If you have been following my social media platforms, you would know that I was in Taiwan (Republic of China) in mid-January.

I visited the island country for 6D/5N at the invitation of Golden Century Tour & Travel, with the support of and in collaboration with the Tourism Bureau of the Republic of China (Taiwan).

1. my first flight experience on China Airlines, on a B777 300ER

1. my first flight experience on China Airlines, on a B777 300ER

I have to say that as a banana (Chinese who is non-conversant in Mandarin), Taiwan is the last country I would choose to visit if I were to plan a personal holiday.

Therefore, this trip gave me a golden opportunity to get to know Taiwan, and I am thankful that the itinerary took us out of Taipei City to explore the lesser known attractions of Taiwan. In short, during this trip, I was able to get to know the warm Taiwanese people and understand the country at a deeper level beyond its capital city.

2. about to land at Taiwan Taoyuan International Airport

2. about to land at Taiwan Taoyuan International Airport

As with all new countries that I have visited, this is a post where I share my perception and knowledge to anyone who is planning a trip to Taiwan for the first time.

Visa
As Malaysians visiting Taiwan, we are granted 30-day visa on arrival, so it is not necessary to apply for a visa, unlike travelling to China or India, for example.

This doesn’t mean that we don’t need to plan our trip or arrange our accommodation. This is because we might be queried by an immigration officer. Of course, we should reply confidently with a ready answer, to avoid getting red flagged by the authorities.

Weather
Our trip to Taiwan was in mid-January, so it was still wintertime. It was cold, but not unbearable. The temperature only dropped to about 13°C in the dead of the night. Our days got warmer and even hot as we travelled south of the island. So, it is part of the locals’ lifestyle to check the weather forecast on a daily basis because it can sometimes be rather drastic.

On the evening of our arrival in Taoyuan, the weather was just cool with slight drizzle. About two hours later, the wind started to blow fiercely. Thank god we had reached our hotel. One instance in Fuxing Township, Changhua County, the wind howled furiously in the night while we slept snugly indoors. That was a situation that I wouldn’t want to see anyone caught outdoors.

Prior to my trip, I installed the Central Weather Bureau mobile app to receive Taiwan travel advisory and to check the day-to-day weather forecast of the cities that I planned to visit. It also became a much used app during my stay in Taiwan.

Muslim-friendly food
Throughout my time in Taiwan, I was aware that Halal food is available to Muslim tourists. There were not that many compared to Malaysia, of course, but one just needs to know where to go.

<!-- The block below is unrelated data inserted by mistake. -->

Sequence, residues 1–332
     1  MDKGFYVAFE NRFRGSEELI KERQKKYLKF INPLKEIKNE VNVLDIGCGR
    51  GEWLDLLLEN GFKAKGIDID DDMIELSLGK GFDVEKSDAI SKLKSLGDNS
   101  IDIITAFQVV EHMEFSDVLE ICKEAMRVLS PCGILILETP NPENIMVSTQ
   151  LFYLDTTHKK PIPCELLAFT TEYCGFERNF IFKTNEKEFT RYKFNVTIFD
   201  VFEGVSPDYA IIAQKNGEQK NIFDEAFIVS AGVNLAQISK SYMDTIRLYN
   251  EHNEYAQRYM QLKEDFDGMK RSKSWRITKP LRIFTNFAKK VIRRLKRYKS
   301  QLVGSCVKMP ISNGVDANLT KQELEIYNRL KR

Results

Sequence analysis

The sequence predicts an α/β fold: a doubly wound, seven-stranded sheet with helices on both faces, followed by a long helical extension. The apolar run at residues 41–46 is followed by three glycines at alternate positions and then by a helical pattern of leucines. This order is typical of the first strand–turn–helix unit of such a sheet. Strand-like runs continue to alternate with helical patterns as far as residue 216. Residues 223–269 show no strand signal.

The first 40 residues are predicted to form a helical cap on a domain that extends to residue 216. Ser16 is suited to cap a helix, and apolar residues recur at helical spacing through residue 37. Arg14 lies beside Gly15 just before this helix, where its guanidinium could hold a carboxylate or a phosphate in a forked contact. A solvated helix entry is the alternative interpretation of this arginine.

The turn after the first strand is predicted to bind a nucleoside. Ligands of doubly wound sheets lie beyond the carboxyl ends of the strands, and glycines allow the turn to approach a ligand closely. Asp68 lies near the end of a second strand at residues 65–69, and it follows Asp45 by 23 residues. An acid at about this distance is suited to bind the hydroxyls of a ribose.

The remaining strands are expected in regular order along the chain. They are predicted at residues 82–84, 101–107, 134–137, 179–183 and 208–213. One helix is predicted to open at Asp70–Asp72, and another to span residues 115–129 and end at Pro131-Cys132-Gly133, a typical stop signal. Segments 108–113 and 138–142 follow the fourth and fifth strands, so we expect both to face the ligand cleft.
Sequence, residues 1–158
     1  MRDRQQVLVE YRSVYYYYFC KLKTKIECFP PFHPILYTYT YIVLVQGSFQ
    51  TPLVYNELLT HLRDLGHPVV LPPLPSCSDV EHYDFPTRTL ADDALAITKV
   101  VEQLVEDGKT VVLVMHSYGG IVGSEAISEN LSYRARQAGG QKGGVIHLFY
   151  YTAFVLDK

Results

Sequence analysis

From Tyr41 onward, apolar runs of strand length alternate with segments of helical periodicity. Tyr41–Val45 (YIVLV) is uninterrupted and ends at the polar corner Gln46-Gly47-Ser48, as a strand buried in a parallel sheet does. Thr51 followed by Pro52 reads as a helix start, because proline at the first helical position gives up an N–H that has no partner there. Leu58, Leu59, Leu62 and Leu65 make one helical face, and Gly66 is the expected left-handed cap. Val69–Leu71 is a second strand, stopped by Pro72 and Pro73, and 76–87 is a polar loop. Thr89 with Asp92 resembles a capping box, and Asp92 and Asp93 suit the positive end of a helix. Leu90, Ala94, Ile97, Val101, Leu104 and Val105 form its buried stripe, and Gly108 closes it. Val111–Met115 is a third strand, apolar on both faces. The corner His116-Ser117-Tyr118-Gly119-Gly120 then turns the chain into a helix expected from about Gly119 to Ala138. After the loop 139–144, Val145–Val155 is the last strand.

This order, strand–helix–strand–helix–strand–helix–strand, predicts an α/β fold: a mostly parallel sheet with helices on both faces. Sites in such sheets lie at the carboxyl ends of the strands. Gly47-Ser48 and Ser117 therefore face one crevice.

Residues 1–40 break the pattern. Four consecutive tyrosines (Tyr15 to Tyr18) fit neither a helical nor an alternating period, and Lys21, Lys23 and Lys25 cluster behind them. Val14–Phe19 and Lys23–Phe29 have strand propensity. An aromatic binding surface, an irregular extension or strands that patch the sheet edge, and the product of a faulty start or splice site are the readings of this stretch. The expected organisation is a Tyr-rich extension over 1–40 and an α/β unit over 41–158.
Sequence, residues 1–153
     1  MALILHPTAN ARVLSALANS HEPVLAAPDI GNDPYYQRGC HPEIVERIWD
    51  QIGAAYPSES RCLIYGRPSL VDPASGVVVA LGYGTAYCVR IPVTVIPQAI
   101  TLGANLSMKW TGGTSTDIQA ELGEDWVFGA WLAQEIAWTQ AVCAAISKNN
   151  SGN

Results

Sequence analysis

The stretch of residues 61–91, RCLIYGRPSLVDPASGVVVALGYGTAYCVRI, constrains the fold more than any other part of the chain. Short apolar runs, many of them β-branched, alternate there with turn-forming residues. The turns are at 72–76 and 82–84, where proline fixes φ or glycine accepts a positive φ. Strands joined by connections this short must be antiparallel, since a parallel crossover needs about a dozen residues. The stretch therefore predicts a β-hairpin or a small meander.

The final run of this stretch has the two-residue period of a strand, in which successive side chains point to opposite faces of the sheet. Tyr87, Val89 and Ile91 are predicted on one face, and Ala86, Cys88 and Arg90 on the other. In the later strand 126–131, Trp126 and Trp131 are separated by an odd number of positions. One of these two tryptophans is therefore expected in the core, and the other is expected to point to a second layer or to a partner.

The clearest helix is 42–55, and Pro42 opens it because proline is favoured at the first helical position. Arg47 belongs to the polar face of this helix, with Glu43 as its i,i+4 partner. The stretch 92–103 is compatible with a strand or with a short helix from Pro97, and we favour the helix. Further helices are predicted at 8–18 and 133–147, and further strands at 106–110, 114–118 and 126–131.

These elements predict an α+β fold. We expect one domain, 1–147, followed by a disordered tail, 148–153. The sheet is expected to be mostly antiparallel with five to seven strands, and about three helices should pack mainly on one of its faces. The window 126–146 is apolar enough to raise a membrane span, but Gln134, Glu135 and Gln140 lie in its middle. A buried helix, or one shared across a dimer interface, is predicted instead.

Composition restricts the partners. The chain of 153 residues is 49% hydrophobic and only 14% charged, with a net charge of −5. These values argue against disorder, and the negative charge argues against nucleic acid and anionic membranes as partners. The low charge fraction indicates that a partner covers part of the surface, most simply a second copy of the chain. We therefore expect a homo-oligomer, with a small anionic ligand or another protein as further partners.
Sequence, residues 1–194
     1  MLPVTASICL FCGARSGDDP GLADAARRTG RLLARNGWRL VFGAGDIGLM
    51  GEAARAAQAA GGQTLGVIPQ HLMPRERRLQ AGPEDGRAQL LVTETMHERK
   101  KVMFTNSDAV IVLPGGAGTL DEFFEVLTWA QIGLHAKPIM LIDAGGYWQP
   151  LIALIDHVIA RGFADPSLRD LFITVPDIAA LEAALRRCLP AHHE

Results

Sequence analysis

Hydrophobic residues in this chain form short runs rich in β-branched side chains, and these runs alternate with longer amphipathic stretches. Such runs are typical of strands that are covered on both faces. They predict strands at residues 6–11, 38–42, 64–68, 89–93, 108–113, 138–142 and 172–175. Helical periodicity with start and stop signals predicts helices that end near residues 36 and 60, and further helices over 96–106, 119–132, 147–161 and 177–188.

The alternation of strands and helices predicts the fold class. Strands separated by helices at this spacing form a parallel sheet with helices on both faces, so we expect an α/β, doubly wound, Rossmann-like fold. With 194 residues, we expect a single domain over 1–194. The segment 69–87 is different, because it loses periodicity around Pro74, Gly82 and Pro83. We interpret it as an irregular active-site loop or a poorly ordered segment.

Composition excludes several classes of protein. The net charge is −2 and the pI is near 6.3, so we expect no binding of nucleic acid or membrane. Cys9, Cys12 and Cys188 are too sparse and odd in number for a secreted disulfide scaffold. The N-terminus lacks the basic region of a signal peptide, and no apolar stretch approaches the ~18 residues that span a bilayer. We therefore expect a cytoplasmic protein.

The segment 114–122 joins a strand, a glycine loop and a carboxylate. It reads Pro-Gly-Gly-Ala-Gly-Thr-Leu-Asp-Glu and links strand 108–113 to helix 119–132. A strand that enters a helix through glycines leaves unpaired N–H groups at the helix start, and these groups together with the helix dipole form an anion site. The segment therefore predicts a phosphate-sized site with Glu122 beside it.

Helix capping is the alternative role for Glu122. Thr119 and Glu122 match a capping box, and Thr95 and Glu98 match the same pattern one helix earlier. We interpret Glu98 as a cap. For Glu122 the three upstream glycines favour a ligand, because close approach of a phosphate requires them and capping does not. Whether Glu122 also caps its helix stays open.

3. David Yeh, owner of 清真肆集 Halalan & Toyyiban Mart, pose in front of his eatery

3. David Yeh, owner of 清真肆集 Halalan & Toyyiban Mart, pose in front of his eatery

In fact, Muslim tours to Taiwan are the trend these days. In Taipei City, I came across a Halal-certified restaurant called “清真肆集 Halalan & Toyyiban Mart”, or loosely translated from Arabic as “Legal and Delicious”.

4. Muslim food section at the coffee house of City Suites Taoyuan Gateway

4. Muslim food section at the coffee house of City Suites Taoyuan Gateway

Also, at one of the hotels that I stayed, City Suites Taoyuan Gateway, there was a Muslim food counter at the coffee house, with separate sets of plates, bowls and utensils, to cater to Muslim guests.

Currency
Just to put it down, my exchange rate was TWD100 = MYR13.90. Though not the best deal, it also wasn’t the worst. Well, when we need foreign currency, we have no choice, even when the Ringgit is weak at the time.

When I was shopping or dining, to know the amount in Ringgit that I would be spending, I just multiplied TWD with 0.139 for MYR.

5. duck noodles at 斗六門當歸鴨麵線

5. duck noodles at 斗六門當歸鴨麵線

Just to give you an idea on food prices in Taiwan, a bowl of noodles topped with shredded duck meat from a popular duck eatery in Taoyuan upon landing at Taiwan Taoyuan International Airport, cost TWD60, so that was RM8.34.

Delicacies
Talking about food, local favourites include fried oyster omelette (蚵仔煎) and large intestines rice vermicelli (大肠面线). I don’t take innards at the best of times, thus I only tried “mee sua” when it was cooked with other ingredients, such as pork or chicken.

6. skewered bishop's nose - at Taipei Lunar New Year Festival

6. skewered bishop’s nose – at Taipei Lunar New Year Festival

What amused me greatly was coming across skewered bishop’s nose for sale at a food stall during my visit to the Taipei Lunar New Year Festival, something like Malaysia’s pasar malam, specifically set up for pre-Chinese New Year shopping.

Communication
As this was my maiden trip to Taiwan, I thought that the locals only speak Mandarin as the official language, and Taiwanese as their mother tongue.

In fact, Taiwan has a large Hakka community, especially in Hsinchu County and Miaoli County. Many locals can speak Hakka, and the store keepers have a sticker at the door to indicate their ability to converse in Hakka. This makes it convenient for Hakka descents to shop.